To Ride Moscow Subway, It’s 30 Rubles or 30 Squats

By on

In Moscow, you don’t take the subway to work. You work to take the subway.

To promote the 2014 Winter Olympic Games — the first for Russia since the breakup of the Soviet Union — the Russian Olympic Committee has fitted the Moscow metro with a vending machine that dispenses free subway tickets for exercise, the Los Angeles Times says. (It sort of sounds like that South Korean vending machine that makes you dance for free Coke.)

To get a free ticket you have to perform 30 squats in front of the machine, which keeps track of your progress, AFP says. It doesn’t sound easy, and you can expect a crowd to be watching you try.

“Some visibly struggled, throwing their arms in front of them for balance before a crowd of staring journalists and bystanders who counted down the squats before the machine spat out a ticket,” AFP says. You get two minutes to do it. Then you have to start over or pay the regular fare — 30 rubles, or about a buck.

The machine will be available until Dec. 3, while the games start in February. Other activities are planned to get people involved in the Olympics, including exercise bikes that produce electricity to charge cell phones, the Times says.

How much would you be willing to do in order to get a free ride? Exercise your fingers by commenting below or on our Facebook page.

Sign up for our free newsletter

Like this article? Sign up for our newsletter and we'll send you a regular digest of our newest stories, full of money saving tips and advice, free! We'll also email you a PDF of Stacy Johnson's "205 Ways to Save Money" as soon as you've subscribed. It's full of great tips that'll help you save a ton of extra cash. It doesn't cost a dime, so why wait? Click here to sign up now.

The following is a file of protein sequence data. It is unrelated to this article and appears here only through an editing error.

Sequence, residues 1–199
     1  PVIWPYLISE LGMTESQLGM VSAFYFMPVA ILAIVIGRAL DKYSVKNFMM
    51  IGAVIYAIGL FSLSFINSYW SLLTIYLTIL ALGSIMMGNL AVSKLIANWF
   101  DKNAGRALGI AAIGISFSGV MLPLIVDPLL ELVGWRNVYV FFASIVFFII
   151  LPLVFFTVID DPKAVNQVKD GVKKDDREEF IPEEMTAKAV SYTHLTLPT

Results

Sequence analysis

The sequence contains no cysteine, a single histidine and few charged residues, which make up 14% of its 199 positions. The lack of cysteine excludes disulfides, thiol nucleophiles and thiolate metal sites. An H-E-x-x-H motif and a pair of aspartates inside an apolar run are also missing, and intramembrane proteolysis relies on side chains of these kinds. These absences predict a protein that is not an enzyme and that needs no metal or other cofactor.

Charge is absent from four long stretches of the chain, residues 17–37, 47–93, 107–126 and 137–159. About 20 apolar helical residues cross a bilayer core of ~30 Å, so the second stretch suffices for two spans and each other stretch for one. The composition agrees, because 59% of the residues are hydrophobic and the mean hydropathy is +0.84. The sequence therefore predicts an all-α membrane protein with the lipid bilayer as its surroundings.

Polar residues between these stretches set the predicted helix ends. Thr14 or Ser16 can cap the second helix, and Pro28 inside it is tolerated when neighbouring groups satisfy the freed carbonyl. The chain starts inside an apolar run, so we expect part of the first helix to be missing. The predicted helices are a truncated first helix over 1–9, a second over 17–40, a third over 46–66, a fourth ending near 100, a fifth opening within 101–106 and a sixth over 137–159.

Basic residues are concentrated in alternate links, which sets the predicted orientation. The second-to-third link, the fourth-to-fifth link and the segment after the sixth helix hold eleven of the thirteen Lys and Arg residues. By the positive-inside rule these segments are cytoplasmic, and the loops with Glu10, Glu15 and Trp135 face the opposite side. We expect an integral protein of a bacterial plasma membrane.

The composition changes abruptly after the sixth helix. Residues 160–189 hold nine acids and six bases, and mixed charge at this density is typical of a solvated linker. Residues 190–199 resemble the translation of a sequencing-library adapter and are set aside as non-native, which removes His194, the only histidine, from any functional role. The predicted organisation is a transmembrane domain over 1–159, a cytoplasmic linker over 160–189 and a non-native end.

Check Out Our Hottest Deals!

We're always adding new deals and coupons that'll save you big bucks. See the deals to the right and hundreds more in our Deals section.

Click here to explore 1,508 more deals!

Comments & discussion

We welcome your opinions, but let’s keep it civil. Like many businesses, we reserve the right to refuse service to anyone. In our case, that means those who communicate by name-calling, racism, using words designed to hurt others or generally acting like an uninformed bully. Also, comments that include links to email addresses or commercial websites typically aren't posted. This isn't a place to advertise your business.

  • DemosCat

    30 Rubles for a subway ticket? Holy mos-cow! 40 years ago during the price-controlled Soviet days, the fare to ride on the Moscow subway was 5 kopeks – a nickle. In those days, the exchange rate was fixed at $1.10 = 1 ruble. The Russians liked to pretend the ruble was worth slightly more than the dollar.

    Just goes to show how badly hyperinflation hit Russia after the Soviet fall in 1991, especially when you consider the ruble was revalued in 1998, so that 1000 old rubles = 1 new ruble. In terms of the Soviet ruble, the price of a subway ride has gone from 5 kopeks to 30,000 rubles, a 600,000 times increase.

    Let’s hope we never get hit by hyperinflation like that here in the US.

  • moneystepper

    I love this idea. Great advertisement for the Olympics and great fun!!